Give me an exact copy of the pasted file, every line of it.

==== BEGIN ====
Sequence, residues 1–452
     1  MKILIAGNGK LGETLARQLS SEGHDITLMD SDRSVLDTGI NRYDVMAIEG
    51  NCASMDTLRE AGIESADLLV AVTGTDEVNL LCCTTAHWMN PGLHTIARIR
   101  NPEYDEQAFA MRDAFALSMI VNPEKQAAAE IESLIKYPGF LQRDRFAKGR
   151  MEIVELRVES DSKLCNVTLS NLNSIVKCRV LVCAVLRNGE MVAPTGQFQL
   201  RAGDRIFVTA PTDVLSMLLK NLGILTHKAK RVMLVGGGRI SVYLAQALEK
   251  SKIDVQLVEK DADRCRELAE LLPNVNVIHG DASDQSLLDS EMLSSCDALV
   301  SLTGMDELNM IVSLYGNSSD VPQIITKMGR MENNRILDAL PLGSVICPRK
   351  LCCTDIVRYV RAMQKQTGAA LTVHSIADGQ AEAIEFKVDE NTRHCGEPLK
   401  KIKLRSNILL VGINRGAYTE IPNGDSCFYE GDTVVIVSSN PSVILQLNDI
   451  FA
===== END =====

Sequence, residues 1–452
     1  MKILIAGNGK LGETLARQLS SEGHDITLMD SDRSVLDTGI NRYDVMAIEG
    51  NCASMDTLRE AGIESADLLV AVTGTDEVNL LCCTTAHWMN PGLHTIARIR
   101  NPEYDEQAFA MRDAFALSMI VNPEKQAAAE IESLIKYPGF LQRDRFAKGR
   151  MEIVELRVES DSKLCNVTLS NLNSIVKCRV LVCAVLRNGE MVAPTGQFQL
   201  RAGDRIFVTA PTDVLSMLLK NLGILTHKAK RVMLVGGGRI SVYLAQALEK
   251  SKIDVQLVEK DADRCRELAE LLPNVNVIHG DASDQSLLDS EMLSSCDALV
   301  SLTGMDELNM IVSLYGNSSD VPQIITKMGR MENNRILDAL PLGSVICPRK
   351  LCCTDIVRYV RAMQKQTGAA LTVHSIADGQ AEAIEFKVDE NTRHCGEPLK
   401  KIKLRSNILL VGINRGAYTE IPNGDSCFYE GDTVVIVSSN PSVILQLNDI
   451  FA